If a foetus can't live independently before 22 weeks why can't women have terminations before then?
Letter of the day: abortion debate
In response to my defence of abortion, reader George McNally (Write Back, July 17) states that the right to life is absolute.
Leaving aside the question of whether he includes all living things in this judgment, no right is absolute in all circumstances, because rights often conflict and choices have to be made. The right to life in wartime is an obvious example.
Perhaps Mr McNally is a pacifist, but it has to be said that they are rather thin on the ground in Northern Ireland.
Pregnancy is another example. If the rights of the mother conflict with those of the unborn, a choice has to be made. Whose rights are more important?
Let me help Mr McNally here. The reason I mentioned a foetus before viability in my original letter was that it can be regarded as a basic criterion for personhood.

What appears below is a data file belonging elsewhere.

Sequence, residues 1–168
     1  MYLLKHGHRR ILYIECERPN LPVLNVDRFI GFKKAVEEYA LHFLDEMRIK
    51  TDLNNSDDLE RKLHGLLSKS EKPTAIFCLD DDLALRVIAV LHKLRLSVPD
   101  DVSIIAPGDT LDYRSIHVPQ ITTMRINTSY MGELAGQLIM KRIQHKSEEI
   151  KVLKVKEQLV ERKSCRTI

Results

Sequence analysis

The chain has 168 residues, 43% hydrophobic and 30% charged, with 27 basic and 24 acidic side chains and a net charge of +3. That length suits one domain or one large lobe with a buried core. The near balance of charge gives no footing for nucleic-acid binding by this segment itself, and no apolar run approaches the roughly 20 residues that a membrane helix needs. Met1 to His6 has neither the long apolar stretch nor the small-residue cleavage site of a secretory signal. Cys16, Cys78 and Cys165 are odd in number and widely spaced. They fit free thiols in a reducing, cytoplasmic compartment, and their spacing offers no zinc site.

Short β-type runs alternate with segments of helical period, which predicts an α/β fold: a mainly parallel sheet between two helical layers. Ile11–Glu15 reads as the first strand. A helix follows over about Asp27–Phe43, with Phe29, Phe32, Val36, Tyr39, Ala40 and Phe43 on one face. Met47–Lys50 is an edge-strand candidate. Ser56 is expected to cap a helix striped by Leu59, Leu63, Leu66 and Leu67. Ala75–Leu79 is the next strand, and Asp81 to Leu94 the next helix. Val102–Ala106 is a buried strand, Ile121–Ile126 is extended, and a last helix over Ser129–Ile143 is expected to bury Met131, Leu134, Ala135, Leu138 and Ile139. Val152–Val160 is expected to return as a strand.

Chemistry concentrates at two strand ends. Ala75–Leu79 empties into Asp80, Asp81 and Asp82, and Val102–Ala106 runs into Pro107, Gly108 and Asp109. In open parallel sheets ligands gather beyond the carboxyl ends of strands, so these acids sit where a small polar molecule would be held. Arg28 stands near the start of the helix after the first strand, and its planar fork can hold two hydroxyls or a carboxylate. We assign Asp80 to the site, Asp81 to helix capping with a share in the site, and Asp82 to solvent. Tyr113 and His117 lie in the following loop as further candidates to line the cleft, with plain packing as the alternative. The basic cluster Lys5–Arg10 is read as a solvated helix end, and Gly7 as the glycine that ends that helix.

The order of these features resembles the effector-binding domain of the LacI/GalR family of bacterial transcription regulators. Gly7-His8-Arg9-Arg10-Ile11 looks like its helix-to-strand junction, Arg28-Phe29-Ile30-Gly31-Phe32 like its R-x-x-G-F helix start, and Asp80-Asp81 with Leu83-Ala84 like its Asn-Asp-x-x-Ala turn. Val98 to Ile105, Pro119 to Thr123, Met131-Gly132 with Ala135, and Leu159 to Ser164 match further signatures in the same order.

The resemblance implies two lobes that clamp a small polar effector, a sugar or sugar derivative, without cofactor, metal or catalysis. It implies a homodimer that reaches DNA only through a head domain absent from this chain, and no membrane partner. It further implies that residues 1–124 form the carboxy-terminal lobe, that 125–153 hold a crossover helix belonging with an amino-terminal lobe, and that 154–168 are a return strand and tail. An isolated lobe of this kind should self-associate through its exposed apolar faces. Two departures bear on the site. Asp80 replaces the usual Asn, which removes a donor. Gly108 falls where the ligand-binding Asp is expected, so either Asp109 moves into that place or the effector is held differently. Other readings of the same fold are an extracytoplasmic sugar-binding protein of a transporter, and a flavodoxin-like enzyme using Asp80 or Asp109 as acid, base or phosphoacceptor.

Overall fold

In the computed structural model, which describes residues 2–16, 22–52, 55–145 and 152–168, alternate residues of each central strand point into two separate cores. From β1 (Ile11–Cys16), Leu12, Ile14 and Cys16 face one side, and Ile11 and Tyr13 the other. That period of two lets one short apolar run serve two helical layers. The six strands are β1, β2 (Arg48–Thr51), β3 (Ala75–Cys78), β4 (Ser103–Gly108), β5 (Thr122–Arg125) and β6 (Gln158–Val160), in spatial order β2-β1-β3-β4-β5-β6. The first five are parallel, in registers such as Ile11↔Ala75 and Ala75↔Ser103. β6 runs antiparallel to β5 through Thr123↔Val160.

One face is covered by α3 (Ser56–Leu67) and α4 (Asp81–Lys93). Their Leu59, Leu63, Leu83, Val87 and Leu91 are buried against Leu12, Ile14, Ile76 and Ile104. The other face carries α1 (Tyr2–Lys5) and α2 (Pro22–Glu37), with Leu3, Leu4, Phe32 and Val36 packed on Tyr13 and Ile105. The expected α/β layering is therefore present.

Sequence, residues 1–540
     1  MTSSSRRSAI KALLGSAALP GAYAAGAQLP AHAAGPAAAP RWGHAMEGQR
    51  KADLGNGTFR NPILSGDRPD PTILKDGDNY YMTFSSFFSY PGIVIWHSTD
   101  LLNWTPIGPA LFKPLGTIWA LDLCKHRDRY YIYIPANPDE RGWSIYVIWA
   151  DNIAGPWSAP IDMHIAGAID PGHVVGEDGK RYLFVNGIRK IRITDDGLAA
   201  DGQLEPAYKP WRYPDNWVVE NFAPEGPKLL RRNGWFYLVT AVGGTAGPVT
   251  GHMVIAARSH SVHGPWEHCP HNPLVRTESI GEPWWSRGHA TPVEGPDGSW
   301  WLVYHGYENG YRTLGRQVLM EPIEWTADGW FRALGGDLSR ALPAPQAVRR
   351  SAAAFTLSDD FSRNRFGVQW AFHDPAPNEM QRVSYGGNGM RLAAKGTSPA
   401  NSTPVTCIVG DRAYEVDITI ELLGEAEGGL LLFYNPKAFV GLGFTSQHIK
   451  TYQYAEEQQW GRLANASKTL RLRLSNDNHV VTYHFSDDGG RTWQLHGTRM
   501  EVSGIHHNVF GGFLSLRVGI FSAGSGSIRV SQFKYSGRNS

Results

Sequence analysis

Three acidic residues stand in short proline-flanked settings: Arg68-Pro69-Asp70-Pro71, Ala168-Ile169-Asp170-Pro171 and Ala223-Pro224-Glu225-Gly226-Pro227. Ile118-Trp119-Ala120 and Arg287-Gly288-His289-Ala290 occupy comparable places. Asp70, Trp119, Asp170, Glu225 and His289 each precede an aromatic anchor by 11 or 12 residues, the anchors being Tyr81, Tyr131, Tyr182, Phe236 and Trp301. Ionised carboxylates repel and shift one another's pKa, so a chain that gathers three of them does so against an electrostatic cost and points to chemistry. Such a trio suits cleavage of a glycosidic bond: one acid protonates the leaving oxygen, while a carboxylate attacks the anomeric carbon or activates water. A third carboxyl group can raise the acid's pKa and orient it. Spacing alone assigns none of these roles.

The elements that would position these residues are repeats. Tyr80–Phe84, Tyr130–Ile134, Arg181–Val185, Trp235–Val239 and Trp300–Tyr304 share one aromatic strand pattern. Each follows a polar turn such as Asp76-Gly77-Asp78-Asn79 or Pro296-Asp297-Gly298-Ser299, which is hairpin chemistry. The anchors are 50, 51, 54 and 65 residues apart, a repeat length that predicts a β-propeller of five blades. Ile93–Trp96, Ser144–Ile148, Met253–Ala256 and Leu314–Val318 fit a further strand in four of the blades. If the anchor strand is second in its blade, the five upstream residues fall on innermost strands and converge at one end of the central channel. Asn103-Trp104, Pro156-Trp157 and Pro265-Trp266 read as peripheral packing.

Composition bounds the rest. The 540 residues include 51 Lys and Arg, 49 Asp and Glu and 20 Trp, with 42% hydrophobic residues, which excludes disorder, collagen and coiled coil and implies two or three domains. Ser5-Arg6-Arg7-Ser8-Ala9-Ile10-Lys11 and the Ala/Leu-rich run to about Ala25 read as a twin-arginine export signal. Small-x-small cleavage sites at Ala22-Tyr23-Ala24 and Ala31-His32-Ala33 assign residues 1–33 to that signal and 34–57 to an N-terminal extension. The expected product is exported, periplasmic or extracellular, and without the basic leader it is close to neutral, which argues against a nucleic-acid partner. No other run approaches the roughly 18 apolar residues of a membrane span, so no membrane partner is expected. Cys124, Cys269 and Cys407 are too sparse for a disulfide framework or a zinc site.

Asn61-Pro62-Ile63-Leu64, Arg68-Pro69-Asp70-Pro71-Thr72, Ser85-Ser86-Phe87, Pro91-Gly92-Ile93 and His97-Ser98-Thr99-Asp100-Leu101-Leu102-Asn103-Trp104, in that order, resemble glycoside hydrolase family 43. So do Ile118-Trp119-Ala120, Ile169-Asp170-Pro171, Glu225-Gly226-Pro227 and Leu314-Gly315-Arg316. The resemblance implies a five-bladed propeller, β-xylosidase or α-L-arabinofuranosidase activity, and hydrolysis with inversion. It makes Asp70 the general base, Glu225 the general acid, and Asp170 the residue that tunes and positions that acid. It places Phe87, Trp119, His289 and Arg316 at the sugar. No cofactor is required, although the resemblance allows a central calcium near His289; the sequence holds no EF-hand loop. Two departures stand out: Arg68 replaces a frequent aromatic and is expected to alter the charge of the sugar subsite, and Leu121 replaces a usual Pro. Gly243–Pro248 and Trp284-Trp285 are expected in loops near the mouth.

Before viability, the foetus is potentially a person, but it does not yet have the rights of a person; afterwards, it does.
Its right to life then becomes equal in importance to the mother and decisions have to be made in that light.
Perhaps Mr McNally rejects such a dividing line. Perhaps he believes that life begins at conception. Yet this is a mistake, for even sperm cells have 'life'.
The question is not when life begins, because that is ambiguous and continuous over a period of time, but, when does personhood begin?
And viability outside the womb, where the person can exist independently of the mother, seems as good an answer as any.
This would suggest that the mother should have an absolute right to abortion up to about 22 weeks.
Editor, Irish Freethinker